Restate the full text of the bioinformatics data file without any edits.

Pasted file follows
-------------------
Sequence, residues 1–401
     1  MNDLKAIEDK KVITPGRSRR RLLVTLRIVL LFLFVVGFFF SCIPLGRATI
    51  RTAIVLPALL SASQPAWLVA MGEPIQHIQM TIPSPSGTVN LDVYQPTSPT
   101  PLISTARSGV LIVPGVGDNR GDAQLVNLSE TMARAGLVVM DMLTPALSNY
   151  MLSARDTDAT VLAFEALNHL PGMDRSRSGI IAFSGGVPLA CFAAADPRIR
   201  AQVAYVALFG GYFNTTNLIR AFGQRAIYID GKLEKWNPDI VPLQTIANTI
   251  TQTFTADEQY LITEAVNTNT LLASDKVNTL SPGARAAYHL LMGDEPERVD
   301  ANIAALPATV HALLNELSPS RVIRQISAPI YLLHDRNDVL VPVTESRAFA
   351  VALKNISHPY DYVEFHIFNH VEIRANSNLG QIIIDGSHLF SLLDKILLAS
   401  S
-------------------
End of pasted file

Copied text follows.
Sequence, residues 1–401
     1  MNDLKAIEDK KVITPGRSRR RLLVTLRIVL LFLFVVGFFF SCIPLGRATI
    51  RTAIVLPALL SASQPAWLVA MGEPIQHIQM TIPSPSGTVN LDVYQPTSPT
   101  PLISTARSGV LIVPGVGDNR GDAQLVNLSE TMARAGLVVM DMLTPALSNY
   151  MLSARDTDAT VLAFEALNHL PGMDRSRSGI IAFSGGVPLA CFAAADPRIR
   201  AQVAYVALFG GYFNTTNLIR AFGQRAIYID GKLEKWNPDI VPLQTIANTI
   251  TQTFTADEQY LITEAVNTNT LLASDKVNTL SPGARAAYHL LMGDEPERVD
   301  ANIAALPATV HALLNELSPS RVIRQISAPI YLLHDRNDVL VPVTESRAFA
   351  VALKNISHPY DYVEFHIFNH VEIRANSNLG QIIIDGSHLF SLLDKILLAS
   401  S